The Gibson-Fawcett Award was established in 2008, and recognised original and independent contributions to materials chemistry.
This award recognised the contributions of two great chemists, Reginald Gibson and Eric Fawcett.
Fawcett graduated from Oxford University in 1929, going on to work for ICI Alkali Group's Research Department at Winnington to work on the 'oil from coal' project.
Gibson studied at University College London and was offered a job at the High Pressure Physics Laboratory in Leiden, Holland. Due to the small salary and his family's financial situation at the time, he could not accept. It was only upon receipt of a loan of £25 from the Benevolent Fund of the now Royal Society of Chemistry that Gibson was able to take this position. It was here that he met Anton Michels.
When Gibson returned to ICI in 1931 and Fawcett returned from a one year secondment to the National Bureau of Standards in Washington, they started work together on the effects of high pressures on chemical reactions using equipment designed by Michels. An experiment on 24 March 1933 produced a waxy solid which was later identified as polyethylene.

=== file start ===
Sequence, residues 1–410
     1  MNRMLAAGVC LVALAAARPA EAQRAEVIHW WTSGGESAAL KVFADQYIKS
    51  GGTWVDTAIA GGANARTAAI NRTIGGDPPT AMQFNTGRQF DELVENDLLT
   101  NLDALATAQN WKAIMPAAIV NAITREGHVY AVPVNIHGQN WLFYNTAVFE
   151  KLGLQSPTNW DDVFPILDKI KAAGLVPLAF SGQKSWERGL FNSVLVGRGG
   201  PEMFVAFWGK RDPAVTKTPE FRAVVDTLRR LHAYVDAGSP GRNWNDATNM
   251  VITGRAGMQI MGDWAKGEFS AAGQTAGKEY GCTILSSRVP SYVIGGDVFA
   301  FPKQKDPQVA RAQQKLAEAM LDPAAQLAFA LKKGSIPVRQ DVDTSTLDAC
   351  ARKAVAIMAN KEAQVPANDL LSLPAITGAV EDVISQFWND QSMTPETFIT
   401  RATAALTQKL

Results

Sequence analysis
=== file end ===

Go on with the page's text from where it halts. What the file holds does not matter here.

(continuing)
Shortly before the war, Gibson worked on producing tetra-ethyl lead required for aviation fuel anti-knock compounds. After the war he joined Associated Ethyl as a Chief Chemist, in 1950 he was appointed R&D Manager. Gibson was actively involved in the Royal Society of Chemistry throughout his life.
In 1938 Fawcett joined what is now BP and was associated with the invention and development of a butane isomerisation process to produce isobutane, an intermediate required in the alkylation process for aviation gasoline.
This award was discontinued in 2020, as part of a series of changes introduced following an independent review of the Royal Society of Chemistry’s recognition programmes.